Frontal fibrosing alopecia
You may have heard a lot about androgenic alopecia or alopecia areata which makes sense since they are very common. But today we’re going to talk about another type of alopecia known as frontal fibrosing alopecia.
What is frontal fibrosing alopecia?
Frontal fibrosing alopecia is the most frequent type of primary scarring alopecia (not the general type of alopecia, which is androgenic alopecia). Scarring refers to the fact that, in principle, the hair cannot be regrown, because a scar has formed that prevents the new follicle from growing.
Who does it affect?
It appears mainly in women. Initially, it was observed as a problem in postmenopausal women, but it has since been observed in premenopausal women and in men.
What areas are affected?
It can affect a large part of the scalp. It mainly manifests as hair loss in the form of a band around the frontal region of the scalp and the temples. Its shape is linear going from one ear to the other.
Its cause, unfortunately, is not known. It was first observed in postmenopausal women and therefore it was thought that there was a hormonal origin, but this has never been proven. It has also been related to the use of antidepressant drugs or sunscreen.
The priority objective is to stabilise the disease. It can be treated in various ways including platelet-rich plasma, mesotherapy, low-frequency laser and hair transplantation, but be careful to do so when the disease is stable. This is important because if it is treated at a high stage of the disease, it can cause the transplanted hair to fall out.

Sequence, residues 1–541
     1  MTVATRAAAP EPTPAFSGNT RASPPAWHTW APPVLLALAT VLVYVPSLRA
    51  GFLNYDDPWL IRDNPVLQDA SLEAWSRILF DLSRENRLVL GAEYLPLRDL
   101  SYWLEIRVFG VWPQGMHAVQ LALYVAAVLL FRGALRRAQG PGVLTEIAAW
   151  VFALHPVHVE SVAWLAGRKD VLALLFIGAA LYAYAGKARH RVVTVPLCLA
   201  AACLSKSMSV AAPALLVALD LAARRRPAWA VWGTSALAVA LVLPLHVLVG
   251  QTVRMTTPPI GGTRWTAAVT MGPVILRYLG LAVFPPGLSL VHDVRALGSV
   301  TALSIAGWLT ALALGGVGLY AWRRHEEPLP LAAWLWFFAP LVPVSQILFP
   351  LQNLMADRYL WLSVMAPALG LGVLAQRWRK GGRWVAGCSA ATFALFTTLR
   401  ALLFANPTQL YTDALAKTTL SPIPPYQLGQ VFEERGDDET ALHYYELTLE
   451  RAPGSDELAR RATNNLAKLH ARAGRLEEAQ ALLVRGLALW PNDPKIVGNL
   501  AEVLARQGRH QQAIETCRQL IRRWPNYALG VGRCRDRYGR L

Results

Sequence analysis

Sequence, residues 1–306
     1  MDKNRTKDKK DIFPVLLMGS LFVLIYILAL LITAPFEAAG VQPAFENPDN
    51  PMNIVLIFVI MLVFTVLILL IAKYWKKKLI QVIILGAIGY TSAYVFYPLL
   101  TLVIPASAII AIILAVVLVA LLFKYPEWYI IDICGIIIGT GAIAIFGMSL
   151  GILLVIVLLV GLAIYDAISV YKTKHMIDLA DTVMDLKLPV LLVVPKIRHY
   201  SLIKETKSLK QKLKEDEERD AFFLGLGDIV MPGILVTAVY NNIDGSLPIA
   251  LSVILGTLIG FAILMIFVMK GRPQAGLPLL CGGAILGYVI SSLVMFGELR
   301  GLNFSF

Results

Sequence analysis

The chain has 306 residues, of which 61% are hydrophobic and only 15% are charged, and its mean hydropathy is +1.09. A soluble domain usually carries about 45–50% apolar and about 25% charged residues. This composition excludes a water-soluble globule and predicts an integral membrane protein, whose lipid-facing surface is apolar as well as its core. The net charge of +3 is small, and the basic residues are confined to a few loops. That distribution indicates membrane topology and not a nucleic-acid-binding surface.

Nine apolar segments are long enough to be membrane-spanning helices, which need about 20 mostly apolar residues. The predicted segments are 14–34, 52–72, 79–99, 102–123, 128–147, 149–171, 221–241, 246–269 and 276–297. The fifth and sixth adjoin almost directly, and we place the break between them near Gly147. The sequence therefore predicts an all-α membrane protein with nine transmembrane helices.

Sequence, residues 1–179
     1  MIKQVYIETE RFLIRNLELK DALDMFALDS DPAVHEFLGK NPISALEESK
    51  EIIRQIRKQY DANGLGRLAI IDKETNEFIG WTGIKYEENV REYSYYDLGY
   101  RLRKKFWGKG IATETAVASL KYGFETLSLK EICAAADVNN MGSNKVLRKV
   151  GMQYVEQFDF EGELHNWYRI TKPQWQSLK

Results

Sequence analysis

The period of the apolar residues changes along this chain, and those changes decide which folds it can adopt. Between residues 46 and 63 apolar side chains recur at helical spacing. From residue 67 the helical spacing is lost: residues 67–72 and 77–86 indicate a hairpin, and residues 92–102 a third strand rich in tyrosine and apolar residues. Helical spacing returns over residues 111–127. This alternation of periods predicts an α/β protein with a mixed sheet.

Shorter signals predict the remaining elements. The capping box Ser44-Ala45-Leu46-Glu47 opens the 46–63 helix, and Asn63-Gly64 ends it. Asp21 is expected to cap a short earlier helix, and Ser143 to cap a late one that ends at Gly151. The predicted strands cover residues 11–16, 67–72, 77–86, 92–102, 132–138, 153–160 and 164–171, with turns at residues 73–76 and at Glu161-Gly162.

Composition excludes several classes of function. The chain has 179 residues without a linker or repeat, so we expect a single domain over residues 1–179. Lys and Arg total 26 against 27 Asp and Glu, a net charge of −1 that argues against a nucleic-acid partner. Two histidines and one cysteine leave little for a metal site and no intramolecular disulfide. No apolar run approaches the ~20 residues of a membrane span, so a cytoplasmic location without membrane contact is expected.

The results of scarring alopecia are not always the same as in non-scarring alopecia so it must be stabilised. It’s very important to maintain long-term vigilance so the disease doesn’t reactivate and cause the hair to fall out again. Patients should be informed that the transplanted hair, unlike in androgenetic alopecia transplantation, can be affected by the disease again and therefore fall out.
Medical treatments are also used for this type of problem, especially 5 alpha-reductase inhibitors such as finasteride and dutasteride, and hydroxychloroquine, which is now being used for coronavirus. However, other types of treatments can also be used, such as corticosteroids, both systemic (pills) and infiltrated (injections), as well as oral minoxidil, which has been shown to be effective. It should also be added that medical treatments aim to stabilise the disease, rather than restore the hair.
However, some studies show that some medical treatments may result in a certain percentage of regrowth.
The consequences of frontal fibrosing alopecia are essentially aesthetic. It may affect other areas such as the eyebrows. It usually affects the eyebrows quite frequently and also other areas of the body with hair, such as the armpits. When it affects the body, it is called Graham Little syndrome.
At Insparya, we are specialists in hair health. We can diagnose your case and offer you the best solution for your particular situation.